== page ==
Nowadays author’s rights are among the universally recognized human rights.
One would be forgiven for thinking the above quote was made recently and not, as it actually was, 160 years ago. Recent months have brought increased attention to copyright law and its reform. What’s most troubling about some of these calls for reform have been their mischaracterization of the nature of copyright — as, say, government regulation — and grossly inaccurate historical claims concerning the origins and development of the law. Because many of these recent articles come from the US, the focus has been on the copyright law of the US. But the development of copyright laws in countries outside the US should not be neglected.
But one example of this comes from mid-nineteenth century Europe. The author of the above quote, Johann Kaspar Bluntschli (1808—1881), was an influential Swiss jurist.1 His 1853 work, Deutsches Privatrecht, catalogs the private law of Germany at the time. The sixth chapter is devoted to the law of author’s rights, roughly equivalent to copyright law. At the time, laws governing author’s rights in Germany were roughly only a decade old.
According to Primary Sources on Copyright, “Bluntschli’s approach to author’s rights is regarded as one of the main sources of the personalistic view on intellectual property which developed within the German tradition.” The full text of the chapter along with an English translation can be found at the Primary Sources site.2 Philosophers such as Kant and Hegel also were indispensable to developing this justification for copyright law, sometimes considered the Continental approach to copyright, distinguishable from the Anglo-American’s Lockean and utilitarian approach.3 However, the two traditions are not as divergent as sometimes made out to be,4 and less so since the globalization of copyright law, a process that began in earnest with the Berne Convention in 1886. For a comprehensive account of copyright that ties together a Lockean and Kantian approach, I strongly recommend Robert Merges 2011 Justifying Intellectual Property (a book I’m currently reading).
The Development of Author Rights
Bluntschli begins his chapter on author’s rights with their history and nature. He divides this history into four stages of development.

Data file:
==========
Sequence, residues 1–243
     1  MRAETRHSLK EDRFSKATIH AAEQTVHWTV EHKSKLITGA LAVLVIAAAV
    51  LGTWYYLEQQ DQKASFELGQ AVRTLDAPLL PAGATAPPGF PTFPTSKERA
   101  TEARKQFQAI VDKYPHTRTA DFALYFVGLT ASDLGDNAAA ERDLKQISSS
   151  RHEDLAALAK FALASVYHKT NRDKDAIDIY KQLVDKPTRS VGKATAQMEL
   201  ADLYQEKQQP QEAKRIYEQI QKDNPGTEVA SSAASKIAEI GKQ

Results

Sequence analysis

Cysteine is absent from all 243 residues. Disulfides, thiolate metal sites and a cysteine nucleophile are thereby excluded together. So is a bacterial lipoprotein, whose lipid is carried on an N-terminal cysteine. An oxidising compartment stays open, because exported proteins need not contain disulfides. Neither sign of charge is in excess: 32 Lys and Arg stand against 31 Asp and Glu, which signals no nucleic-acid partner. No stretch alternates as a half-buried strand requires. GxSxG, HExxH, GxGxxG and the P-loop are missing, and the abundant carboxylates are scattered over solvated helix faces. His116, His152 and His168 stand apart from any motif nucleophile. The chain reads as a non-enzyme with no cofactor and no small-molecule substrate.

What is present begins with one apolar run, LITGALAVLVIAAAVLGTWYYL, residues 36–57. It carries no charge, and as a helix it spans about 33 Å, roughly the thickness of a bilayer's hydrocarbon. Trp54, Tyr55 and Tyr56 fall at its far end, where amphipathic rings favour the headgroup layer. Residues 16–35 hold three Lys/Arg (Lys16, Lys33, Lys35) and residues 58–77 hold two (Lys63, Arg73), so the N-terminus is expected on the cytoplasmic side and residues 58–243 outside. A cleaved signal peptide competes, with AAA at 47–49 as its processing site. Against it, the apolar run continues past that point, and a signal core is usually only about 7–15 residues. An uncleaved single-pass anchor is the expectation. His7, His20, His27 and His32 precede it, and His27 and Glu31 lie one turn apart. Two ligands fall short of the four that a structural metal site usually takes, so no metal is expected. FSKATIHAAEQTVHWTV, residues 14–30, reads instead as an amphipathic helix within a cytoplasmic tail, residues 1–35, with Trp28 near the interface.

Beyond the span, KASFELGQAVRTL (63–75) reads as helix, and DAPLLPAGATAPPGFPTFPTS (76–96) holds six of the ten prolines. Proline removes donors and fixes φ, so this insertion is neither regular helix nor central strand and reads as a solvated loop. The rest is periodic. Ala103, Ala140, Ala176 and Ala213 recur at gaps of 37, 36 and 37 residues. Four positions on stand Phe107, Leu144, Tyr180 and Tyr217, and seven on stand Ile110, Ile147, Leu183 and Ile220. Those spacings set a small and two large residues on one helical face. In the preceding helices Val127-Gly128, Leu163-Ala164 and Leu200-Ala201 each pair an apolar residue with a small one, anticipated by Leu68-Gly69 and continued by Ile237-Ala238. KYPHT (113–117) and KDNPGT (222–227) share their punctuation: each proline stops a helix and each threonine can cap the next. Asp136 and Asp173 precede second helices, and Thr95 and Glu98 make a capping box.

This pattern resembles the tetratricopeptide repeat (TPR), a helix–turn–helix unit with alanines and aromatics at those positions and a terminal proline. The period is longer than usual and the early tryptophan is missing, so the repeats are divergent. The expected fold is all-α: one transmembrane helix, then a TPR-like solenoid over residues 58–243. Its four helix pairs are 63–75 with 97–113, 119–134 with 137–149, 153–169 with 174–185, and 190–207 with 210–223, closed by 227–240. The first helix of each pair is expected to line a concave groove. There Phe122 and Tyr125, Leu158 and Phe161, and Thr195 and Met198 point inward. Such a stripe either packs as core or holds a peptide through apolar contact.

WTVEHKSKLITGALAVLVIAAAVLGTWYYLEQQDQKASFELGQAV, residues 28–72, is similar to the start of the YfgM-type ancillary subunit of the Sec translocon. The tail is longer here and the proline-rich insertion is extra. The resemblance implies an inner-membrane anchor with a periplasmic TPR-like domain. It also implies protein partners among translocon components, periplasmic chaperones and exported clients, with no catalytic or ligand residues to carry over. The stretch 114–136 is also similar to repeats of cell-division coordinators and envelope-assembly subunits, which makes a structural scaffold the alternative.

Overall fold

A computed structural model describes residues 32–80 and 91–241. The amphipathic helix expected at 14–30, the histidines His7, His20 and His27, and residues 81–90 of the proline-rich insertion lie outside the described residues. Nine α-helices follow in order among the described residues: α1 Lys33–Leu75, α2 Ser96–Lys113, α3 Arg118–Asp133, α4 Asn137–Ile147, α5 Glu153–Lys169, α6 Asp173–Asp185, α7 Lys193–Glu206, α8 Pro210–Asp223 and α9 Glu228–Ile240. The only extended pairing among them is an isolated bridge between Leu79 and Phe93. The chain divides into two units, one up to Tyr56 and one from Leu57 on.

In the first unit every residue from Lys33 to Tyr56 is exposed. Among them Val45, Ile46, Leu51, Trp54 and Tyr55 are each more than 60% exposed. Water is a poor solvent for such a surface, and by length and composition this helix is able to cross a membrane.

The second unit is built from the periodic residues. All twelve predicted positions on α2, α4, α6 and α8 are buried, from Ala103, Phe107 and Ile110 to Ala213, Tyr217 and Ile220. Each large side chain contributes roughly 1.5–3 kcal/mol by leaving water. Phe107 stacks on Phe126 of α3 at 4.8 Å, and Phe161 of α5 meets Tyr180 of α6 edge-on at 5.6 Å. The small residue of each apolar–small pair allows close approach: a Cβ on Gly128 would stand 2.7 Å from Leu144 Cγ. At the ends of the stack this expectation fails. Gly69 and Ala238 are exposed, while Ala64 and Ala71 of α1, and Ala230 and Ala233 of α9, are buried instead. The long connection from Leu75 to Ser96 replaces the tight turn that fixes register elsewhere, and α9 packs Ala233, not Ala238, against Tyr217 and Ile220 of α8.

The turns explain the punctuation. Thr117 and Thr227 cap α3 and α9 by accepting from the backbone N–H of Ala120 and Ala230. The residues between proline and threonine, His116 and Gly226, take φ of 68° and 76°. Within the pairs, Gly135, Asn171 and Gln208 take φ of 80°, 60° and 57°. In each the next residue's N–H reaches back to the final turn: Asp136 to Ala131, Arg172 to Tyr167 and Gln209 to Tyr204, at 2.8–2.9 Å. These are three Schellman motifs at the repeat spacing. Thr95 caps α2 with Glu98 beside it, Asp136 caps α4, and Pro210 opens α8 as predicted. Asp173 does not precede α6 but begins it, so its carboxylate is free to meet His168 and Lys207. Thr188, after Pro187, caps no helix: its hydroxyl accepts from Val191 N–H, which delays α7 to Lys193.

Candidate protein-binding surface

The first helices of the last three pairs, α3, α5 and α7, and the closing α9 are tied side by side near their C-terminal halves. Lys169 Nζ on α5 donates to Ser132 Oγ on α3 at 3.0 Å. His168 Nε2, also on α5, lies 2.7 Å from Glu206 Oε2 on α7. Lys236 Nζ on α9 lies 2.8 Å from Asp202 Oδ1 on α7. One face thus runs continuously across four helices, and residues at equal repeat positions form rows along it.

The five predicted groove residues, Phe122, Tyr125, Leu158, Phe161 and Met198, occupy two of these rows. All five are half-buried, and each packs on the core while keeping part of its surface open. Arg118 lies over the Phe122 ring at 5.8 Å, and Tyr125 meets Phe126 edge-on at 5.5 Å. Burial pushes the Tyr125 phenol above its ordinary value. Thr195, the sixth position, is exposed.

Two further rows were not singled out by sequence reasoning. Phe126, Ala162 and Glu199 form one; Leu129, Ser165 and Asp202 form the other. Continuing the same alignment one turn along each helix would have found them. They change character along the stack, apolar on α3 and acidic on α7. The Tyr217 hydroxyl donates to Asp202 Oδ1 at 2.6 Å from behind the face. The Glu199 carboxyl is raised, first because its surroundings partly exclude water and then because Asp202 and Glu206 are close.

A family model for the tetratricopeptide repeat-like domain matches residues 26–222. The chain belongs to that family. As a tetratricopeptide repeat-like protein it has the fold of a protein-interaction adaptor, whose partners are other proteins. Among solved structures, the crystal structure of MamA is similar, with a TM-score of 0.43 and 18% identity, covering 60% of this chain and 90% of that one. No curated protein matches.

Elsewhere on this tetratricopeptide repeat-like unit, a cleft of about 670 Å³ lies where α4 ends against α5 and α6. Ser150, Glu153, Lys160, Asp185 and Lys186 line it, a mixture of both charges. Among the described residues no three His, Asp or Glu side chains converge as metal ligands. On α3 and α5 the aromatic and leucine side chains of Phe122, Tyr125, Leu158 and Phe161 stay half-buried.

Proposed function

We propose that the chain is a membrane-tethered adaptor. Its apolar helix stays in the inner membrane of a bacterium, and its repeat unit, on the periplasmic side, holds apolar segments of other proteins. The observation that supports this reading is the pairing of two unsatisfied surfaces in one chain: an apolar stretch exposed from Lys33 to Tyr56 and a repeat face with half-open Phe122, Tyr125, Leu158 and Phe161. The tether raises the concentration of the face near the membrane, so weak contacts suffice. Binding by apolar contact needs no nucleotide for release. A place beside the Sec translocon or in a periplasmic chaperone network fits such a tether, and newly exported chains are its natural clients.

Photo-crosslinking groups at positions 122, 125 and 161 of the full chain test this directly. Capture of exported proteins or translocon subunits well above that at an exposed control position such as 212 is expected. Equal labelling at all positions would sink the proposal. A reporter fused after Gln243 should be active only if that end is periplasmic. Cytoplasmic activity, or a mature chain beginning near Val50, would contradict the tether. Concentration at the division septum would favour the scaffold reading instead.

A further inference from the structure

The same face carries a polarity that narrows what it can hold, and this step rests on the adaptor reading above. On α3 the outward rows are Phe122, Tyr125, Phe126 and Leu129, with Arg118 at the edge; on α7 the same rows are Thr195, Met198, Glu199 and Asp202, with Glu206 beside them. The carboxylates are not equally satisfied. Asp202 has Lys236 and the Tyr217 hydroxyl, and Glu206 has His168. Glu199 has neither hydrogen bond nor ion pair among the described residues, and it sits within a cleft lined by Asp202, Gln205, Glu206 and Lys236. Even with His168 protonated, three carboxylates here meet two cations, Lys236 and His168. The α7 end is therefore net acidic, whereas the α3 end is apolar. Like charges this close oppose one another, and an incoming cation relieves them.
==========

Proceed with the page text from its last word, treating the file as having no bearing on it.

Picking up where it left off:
In the earliest stage, these rights were conceived as a “privilege… conferred in individual cases.” At this stage, “the need for protection of these rights was felt, but there was no understanding as yet of their nature.”
This privilege evolved into the next stage, that of a “publishing right.” Bluntschli writes, “However, this was a most unsatisfactory approach because it failed to take into account that the authorised publisher and the unauthorised reprinter have a different right only by virtue of their different relationship to the author, and that a monopoly granted to the former without consideration for the author, merely for the sake of the priority of the commercial enterprise, lacks any proper foundation.”
From here, the concept of “intellectual or literary ownership” came about. Bluntschli notes that this point of view has been championed by writers, but finds it unsatisfactory as a legal concept.
For jurisprudence ownership can be nothing else but a property right, that is, the complete possession exerted by individual persons over physical objects. An author’s right to his work is, however, not of this kind, since the work is something altogether quite different from the manuscript and the printed copies of the book. The latter are indeed objects which fall under the ownership of individual persons, but the work as an intellectual product is attached neither to a particular manuscript, nor to a particular book. It can also exist without having been written or printed, namely, as a spoken lecture or a speech. The author’s right is, therefore, not affected in the least if, say, his manuscript has been destroyed and all copies of the printed book have come into the hands of private owners. As an intellectual product his work has an essentially unphysical character. The living word is its truest expression.